Love also presented an annual report on the MU’s Ethics and Compliance Hotline, which allows for students, faculty and staff to report transgressions anonymously. In 2016, there were 123 calls to the hotline, 112 initial reports and 11 information referrals. Allegations of discrimination and of inappropriate behavior each accounted for 17 of the initial reports.

The efforts that have resulted from this audit were highly praised by curators and interim UM System President Mike Middleton; however, there was recognition that diversity and equity issues are not resolved.

“This team has done a remarkable job,” Middleton said at the meeting. “We may see some policy direction in the very near future and that may well prompt the modification in the way we are doing things. I would urge you to be ready to see this same process be utilized again in a year or two as we try to maintain our compliance with the law and protect our students, faculty and staff from [these issues].”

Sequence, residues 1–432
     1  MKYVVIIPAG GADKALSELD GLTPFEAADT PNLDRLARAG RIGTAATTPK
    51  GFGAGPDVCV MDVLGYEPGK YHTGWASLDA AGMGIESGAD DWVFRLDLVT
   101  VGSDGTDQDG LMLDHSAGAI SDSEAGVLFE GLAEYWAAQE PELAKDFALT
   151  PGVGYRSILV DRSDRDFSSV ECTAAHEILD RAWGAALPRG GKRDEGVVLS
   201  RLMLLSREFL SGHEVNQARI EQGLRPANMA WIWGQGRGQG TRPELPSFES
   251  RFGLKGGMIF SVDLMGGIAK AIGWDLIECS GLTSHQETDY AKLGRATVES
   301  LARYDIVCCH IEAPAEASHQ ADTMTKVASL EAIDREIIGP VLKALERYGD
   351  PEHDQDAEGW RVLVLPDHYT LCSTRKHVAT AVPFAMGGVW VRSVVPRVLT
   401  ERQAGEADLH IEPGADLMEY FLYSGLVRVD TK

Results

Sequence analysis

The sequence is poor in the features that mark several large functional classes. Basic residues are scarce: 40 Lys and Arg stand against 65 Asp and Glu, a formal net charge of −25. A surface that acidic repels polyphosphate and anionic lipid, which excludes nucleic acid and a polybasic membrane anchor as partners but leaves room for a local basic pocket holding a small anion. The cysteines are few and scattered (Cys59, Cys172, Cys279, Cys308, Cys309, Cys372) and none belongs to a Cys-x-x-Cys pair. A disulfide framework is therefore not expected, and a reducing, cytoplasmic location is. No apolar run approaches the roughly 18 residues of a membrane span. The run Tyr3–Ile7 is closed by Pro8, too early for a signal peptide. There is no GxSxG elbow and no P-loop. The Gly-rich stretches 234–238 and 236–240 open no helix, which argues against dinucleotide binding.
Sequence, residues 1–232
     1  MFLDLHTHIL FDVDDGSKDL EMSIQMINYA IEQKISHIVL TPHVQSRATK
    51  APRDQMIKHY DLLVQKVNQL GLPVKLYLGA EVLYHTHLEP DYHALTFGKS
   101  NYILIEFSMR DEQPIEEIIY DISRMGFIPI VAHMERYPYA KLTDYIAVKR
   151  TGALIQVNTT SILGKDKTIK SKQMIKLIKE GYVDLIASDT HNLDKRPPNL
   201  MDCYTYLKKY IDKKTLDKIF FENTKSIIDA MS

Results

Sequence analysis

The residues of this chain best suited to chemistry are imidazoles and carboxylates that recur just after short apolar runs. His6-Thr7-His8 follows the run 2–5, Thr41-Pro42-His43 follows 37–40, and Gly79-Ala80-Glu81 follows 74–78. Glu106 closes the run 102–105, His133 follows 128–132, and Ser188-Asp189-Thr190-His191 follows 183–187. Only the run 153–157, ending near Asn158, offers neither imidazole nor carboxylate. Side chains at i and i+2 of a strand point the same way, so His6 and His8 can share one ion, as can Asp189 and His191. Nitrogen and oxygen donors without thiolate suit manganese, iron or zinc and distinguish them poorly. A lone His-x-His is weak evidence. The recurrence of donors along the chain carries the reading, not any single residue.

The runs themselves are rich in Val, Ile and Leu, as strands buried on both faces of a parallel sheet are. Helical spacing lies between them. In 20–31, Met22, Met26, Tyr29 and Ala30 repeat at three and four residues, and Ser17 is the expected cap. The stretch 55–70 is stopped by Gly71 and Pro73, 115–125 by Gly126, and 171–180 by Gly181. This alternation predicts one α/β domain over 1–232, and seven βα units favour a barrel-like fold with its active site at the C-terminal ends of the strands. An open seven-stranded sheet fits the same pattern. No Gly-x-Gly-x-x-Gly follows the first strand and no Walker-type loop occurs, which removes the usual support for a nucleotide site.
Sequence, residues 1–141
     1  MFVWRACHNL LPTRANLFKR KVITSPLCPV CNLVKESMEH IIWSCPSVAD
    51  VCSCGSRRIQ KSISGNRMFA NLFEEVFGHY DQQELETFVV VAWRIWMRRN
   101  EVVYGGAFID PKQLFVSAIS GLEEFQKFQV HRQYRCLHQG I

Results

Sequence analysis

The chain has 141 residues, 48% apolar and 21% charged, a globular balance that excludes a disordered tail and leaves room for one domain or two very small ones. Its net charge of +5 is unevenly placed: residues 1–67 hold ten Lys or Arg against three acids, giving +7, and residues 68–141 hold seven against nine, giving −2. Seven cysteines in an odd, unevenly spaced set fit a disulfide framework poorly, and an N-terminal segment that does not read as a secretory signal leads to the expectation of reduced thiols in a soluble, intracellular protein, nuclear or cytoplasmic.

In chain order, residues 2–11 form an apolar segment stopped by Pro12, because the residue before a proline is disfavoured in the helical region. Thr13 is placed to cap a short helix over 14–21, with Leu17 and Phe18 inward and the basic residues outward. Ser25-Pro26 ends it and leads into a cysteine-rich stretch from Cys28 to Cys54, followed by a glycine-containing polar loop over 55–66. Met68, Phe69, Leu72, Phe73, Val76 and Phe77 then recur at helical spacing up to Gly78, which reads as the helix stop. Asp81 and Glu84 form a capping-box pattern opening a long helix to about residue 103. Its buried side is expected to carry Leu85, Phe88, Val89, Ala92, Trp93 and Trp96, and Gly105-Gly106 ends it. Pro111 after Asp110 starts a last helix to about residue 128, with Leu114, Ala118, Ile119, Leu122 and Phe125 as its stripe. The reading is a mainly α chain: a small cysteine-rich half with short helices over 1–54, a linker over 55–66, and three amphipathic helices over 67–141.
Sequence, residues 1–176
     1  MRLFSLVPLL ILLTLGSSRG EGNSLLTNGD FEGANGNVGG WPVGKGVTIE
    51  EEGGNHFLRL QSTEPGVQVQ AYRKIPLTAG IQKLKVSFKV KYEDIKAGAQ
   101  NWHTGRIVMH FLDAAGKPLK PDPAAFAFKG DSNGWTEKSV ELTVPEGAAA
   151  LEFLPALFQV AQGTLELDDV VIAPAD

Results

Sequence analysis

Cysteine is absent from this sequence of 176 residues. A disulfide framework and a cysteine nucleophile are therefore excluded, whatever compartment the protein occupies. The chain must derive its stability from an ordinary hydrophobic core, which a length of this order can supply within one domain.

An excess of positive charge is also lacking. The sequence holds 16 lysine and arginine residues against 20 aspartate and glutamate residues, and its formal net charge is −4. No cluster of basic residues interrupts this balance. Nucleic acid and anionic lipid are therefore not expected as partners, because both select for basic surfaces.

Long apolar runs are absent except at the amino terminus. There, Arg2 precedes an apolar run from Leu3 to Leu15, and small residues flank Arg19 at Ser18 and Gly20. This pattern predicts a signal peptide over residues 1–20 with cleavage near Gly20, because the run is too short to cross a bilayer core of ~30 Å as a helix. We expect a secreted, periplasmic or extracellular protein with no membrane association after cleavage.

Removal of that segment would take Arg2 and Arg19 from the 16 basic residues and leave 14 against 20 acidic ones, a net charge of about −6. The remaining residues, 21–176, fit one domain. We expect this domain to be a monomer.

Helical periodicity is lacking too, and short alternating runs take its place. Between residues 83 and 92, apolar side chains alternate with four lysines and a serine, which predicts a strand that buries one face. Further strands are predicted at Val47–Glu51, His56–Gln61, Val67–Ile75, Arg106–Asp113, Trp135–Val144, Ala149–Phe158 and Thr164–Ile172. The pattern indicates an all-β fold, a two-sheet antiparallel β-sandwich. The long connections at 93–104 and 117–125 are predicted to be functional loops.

In a unanimous vote, curators motioned to adopt the changes proposed to the Combined Rules and Regulations regarding diversity, equity and inclusion.

Institute for Korean Studies grand opening

One of the first of its kind in the nation, the MU Institute for Korean Studies hosted its grand opening Thursday. During a recess from its meeting, the board attended the opening, where IKS co-director Sheena Chestnut Greitens and her husband, Gov. Eric Greitens, were in attendance.

Report from the chancellor

Interim Chancellor Hank Foley updated the board on the recently completed renovations to Lafferre Hall, MU’s partnership with the Stamps Scholars Program, a revamp of the MU website and the renewal of the MU research reactor’s operating license.